Essential Tips to Manage Diabetes

 

Eat the Foods You Like

Having diabetes doesn't mean you can't eat your favorite foods. But you need to know how your food choices will affect your blood sugar. A diabetes educator or dietitian can help you learn skills -- such as counting carbs, reading food labels, and sizing up portions -- that will let you keep your diabetes in check while still enjoying your favorite meals.

 

Define Your Plate

Use a rule of three to build a healthy, satisfying meal. This rule can help you lose weight and manage your diabetes by increasing your intake of non-starchy foods. Divide your plate in half. Fill one half with non-starchy vegetables like spinach or broccoli. Next, divide the empty side into two halves. Use one for starchy foods like bread or pasta. In the last section, add meat or another protein. You can also add an 8-ounce glass of low-fat milk and a ½ cup of fruit.

 

Write It Down

Get in the habit of writing down your critical information. Record your daily blood sugar levels to track how food, activity, and medicines affect your blood sugar and A1C test results. A written record can show you and your doctor whether your diabetes treatment is working over the long term. Writing down your goals and feelings in a journal may also help you stay on track and better communicate with your health care providers.

 

Have a Sick-Day Plan in Place

Common illnesses like colds, flu, and diarrhea can make your blood sugar rise. And having diabetes in turn may make it harder to fight off infections. Have a plan in case you get sick. Store snacks that are easy on the stomach but can still give you enough fluids and carbs. Check your blood sugar more often and know when to check for ketones and when to call your doctor. Get a flu shot every year.

 

Manage Your Medicine Cabinet

You may take pills or injections to manage your diabetes. Try to keep 3 days' worth of your diabetes medicines and supplies on hand in case of an emergency, as well as a list of all your medicines. Your drugs may interact with other medicines, even ones that can be bought without a prescription. Make sure to tell your doctor before you take any new medicine. And always take your list to your regular doctor and dental appointments.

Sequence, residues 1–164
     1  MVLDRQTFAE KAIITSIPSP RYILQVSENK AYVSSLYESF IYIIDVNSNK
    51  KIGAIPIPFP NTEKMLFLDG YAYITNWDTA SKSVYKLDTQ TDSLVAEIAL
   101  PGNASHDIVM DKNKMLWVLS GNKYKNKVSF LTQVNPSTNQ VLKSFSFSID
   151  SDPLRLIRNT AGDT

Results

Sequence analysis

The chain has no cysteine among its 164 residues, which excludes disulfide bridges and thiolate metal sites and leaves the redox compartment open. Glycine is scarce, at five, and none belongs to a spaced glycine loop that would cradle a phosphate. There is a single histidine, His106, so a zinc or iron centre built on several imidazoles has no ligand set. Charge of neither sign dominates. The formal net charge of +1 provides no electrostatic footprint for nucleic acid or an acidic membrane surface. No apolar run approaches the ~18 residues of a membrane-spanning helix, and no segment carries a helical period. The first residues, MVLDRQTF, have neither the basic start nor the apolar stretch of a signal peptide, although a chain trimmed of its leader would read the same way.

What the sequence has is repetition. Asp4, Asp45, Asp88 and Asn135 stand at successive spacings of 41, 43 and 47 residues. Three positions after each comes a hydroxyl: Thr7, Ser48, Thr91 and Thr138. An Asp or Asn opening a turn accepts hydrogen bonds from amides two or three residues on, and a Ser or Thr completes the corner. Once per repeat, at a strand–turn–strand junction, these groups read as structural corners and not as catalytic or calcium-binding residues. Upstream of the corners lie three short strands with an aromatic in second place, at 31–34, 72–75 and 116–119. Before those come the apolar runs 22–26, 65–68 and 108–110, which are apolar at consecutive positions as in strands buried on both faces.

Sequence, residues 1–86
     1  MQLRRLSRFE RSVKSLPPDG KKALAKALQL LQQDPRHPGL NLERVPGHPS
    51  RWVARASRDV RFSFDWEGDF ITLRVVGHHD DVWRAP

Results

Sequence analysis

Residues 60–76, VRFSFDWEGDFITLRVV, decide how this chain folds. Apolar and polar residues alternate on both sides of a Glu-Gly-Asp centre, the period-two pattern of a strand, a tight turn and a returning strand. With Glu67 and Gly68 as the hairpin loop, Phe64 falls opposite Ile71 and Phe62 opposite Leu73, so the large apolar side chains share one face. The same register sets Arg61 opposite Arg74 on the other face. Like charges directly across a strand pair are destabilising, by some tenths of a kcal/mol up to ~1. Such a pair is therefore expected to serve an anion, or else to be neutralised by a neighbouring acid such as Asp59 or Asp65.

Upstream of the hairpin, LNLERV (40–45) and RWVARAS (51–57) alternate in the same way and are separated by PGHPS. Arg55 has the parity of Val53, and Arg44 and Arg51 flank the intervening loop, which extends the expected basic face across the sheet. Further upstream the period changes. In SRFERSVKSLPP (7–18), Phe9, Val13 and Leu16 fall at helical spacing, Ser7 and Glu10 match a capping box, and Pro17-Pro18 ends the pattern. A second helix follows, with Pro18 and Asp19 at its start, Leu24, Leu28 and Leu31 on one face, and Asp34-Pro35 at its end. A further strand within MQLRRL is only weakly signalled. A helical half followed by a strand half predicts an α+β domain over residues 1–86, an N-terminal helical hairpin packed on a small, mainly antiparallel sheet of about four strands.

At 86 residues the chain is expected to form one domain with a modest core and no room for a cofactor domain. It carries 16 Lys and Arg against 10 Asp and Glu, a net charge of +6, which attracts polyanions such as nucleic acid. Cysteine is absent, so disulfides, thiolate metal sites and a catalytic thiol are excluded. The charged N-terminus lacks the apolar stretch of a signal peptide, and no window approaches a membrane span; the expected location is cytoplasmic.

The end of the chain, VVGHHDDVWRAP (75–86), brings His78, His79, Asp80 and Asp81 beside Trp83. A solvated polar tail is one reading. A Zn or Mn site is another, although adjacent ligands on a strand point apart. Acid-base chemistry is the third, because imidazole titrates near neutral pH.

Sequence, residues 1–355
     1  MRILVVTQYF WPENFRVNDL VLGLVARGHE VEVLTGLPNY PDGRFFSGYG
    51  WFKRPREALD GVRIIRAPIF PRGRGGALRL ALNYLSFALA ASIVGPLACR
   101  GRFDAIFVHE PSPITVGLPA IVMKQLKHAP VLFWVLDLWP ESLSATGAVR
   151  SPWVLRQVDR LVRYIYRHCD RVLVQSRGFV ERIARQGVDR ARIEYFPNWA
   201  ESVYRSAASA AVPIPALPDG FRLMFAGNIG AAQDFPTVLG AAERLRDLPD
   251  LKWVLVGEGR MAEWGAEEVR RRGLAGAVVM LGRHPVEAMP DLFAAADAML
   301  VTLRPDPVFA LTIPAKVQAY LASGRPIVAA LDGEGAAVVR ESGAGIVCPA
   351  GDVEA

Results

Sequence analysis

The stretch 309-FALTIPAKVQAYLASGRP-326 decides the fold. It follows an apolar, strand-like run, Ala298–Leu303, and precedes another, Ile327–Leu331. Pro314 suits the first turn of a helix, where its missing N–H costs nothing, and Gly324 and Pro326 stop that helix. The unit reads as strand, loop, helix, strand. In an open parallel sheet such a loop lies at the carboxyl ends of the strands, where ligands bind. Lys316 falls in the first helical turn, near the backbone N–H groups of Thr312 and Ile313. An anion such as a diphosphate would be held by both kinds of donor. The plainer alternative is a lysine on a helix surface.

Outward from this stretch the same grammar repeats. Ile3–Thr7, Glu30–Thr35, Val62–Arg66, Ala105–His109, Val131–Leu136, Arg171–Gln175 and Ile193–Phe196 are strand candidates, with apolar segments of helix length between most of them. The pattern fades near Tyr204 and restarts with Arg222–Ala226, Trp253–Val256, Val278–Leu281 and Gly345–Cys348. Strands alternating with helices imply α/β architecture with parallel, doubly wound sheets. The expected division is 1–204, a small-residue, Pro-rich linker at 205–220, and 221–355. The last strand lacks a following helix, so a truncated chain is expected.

Fight Everyday Stress With Activity

Living with diabetes can make you sad or unhappy at times. Stress not only affects your mood, but it can raise your blood sugar, too. Stress may cause you to make poor food choices and drink more alcohol. But an easy way to feel better from everyday stress is to get active. Being active raises the levels of chemicals in your brain that make you feel good. If you don't want to exercise in a gym, join a sports team or take dance lessons to keep moving.

 

Exercise in Short Sessions

It may be hard to find time to exercise. It can also be hard to keep going if you're not used to exercising for 30 minutes straight. The good news is you can spread your 30 minutes throughout the day. Three 10-minute walks are as good as 30 minutes at once. So don't hold out to exercise when you have a lot of time. Moderate physical activity (both strength building and cardio) will help you control your blood sugar, lower your blood pressure and cholesterol, and reduce stress.

 

Try Strength Workouts

All types of exercise can benefit people with diabetes. But training with weights or other resistance equipment may help you prevent muscle loss (lost muscle often leads to more fat). Several studies suggest strength training -- lifting weights, for example -- improves your reaction to insulin and your glucose tolerance. Of course, regular strength training can also improve your muscle mass and help you lose weight, too.

 

Check Your Feet Every Night

Use a hand mirror or ask someone to help you look for cuts, swelling, or color changes on your feet. Don't forget to look between your toes, too. If you see unhealed cuts or broken skin, call your doctor right away. Make foot care part of your daily routine: Wash and moisturize your feet and trim your toenails as needed. Talk to your doctor about treating corns or calluses. And have him examine your feet during every visit.

 

Choose a Date to Quit Smoking

If you smoke, picking a date to quit gives you the chance to prepare for it. You may need help beating the mental and physical parts of nicotine addiction. Stop-smoking programs, support groups, and wellness centers can offer professional help. Whether you quit cold turkey or use other treatments to help you quit, having time to prepare for it may improve your chances of success.

 

Drink Alcohol Only With Food

Your doctor may say it's OK for you to have an occasional drink. Drink alcohol only when you can eat something along with it, because alcohol can cause low blood sugar. Also have some water handy in case you get thirsty. Even so, mixed drinks can raise your blood sugar if you use juice or a regular soda as your mixer. Women should drink no more than one alcoholic drink per day, and men no more than two a day.